5 Outdoor Projects for You and the Kids

Nothing screams ‘quality time with the kids’ like an outdoor project together. With a little bit of creativity and minimal expenditure, you can fire up their imaginations and get them away from a computer screen. And they might even learn something along the way too…

1. Plant a rose bush

Nurture their green fingers with a trip to Ashridge Nurseries. Roses are fun to choose, and will get you talking about what flowers have stood for in fairytales, as well as what looks nice and smells good.

Once you’ve got your rose bush home, there’s nothing your kids will enjoy more than a free pass to dig in the dirt! And, it’s a gift that keeps on giving: in bloom, you’ll be able to immerse them in a sensory experience by exploring sharp thorns, silky petals and strong scents.

2. Silly stick figures

Collect fallen sticks and branches, favouring those with interesting shapes, gnarls and knobbly bits. Once home, cover them in white acrylic paint before giving your kids free reign to decorate them however they like. Bright inks, googly eyes, foil-wrap armour and wild woollen hair add some extra drama, and your kids will have great fun positioning them at ambush points outdoors!

3. Learn about vegetables

If you have a vegetable patch, or would like to start one, ask your kids to gather rocks of varying shapes and sizes. Test their knowledge of vegetables by asking them to match a rock to the vegetable it most closely resembles: such as a long, thin rock for carrots, and a round, fat rock for tomatoes.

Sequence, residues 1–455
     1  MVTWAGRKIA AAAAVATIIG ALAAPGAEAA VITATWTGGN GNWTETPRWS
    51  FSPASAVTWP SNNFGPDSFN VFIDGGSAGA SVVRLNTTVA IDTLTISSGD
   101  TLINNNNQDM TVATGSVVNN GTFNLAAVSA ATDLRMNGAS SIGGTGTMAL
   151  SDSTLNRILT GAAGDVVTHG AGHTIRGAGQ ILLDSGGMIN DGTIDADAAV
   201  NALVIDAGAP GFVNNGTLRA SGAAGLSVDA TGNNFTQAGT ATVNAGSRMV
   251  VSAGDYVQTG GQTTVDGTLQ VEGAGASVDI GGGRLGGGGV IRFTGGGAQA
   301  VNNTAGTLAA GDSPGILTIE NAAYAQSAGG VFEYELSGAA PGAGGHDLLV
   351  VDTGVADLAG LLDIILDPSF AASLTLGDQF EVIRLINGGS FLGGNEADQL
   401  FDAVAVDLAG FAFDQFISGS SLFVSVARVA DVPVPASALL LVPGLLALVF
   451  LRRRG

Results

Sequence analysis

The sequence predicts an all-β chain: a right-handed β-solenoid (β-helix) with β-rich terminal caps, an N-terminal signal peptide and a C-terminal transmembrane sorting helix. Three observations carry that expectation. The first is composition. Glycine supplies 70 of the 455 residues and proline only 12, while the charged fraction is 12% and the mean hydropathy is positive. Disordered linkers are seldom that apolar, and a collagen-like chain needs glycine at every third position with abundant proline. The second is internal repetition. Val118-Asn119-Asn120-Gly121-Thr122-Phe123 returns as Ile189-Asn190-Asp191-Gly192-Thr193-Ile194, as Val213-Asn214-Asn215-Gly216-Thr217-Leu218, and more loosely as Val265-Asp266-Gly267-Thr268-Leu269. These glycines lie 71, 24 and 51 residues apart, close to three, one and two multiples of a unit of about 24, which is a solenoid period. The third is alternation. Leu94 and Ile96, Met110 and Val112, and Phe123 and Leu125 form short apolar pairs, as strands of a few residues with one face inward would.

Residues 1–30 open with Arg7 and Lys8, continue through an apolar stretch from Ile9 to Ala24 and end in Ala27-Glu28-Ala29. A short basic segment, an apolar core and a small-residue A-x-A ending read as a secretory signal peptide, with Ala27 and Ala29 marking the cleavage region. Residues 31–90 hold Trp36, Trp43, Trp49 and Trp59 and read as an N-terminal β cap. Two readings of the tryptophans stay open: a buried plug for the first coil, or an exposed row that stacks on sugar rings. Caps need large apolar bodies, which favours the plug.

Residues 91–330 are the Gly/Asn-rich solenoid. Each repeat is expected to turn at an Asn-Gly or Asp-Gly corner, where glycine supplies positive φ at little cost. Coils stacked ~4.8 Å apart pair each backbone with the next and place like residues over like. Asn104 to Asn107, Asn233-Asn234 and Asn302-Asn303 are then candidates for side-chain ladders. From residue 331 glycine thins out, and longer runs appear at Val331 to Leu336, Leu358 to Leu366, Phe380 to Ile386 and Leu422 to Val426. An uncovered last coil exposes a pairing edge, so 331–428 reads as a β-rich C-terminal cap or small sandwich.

Once paired, have fun with your kids as they paint the rocks with outdoor acrylic paint in the colour of the vegetable. Why not have them practice spelling the name of the vegetable too? They can write on the rock with a marker pen before placing it in the correct area of the garden.

tomato plants

4. Collecting eggs

If you have the space and resources, consider keeping hens. Your kids will mature with the responsibility of carefully collecting warm eggs from the coop every day, and will gain a first hand understanding of how animals need to be fed and cared for in order to provide for us. You can show them how to treat animals with respect, and delegate the task of dishing out peelings to teach them about food waste. We suspect they’ll gobble up their eggs and soldiers having ‘made’ the eggs themselves!

5. Make a butterfly feeder

Take a look at this handy activity sheet provided by the RSPCA. Children are often fascinated by butterflies, so what better project than creating a feeder to entice more butterflies into your garden? Have your children decorate the feeder with UV art pens (available from lots of art shops) to help the butterflies find their way. Once installed, why not make a game of spotting the different types of butterfly that visit your garden? Perhaps the kids could draw the most eye-catching ones they see!

Image – biothailand/shutterstock

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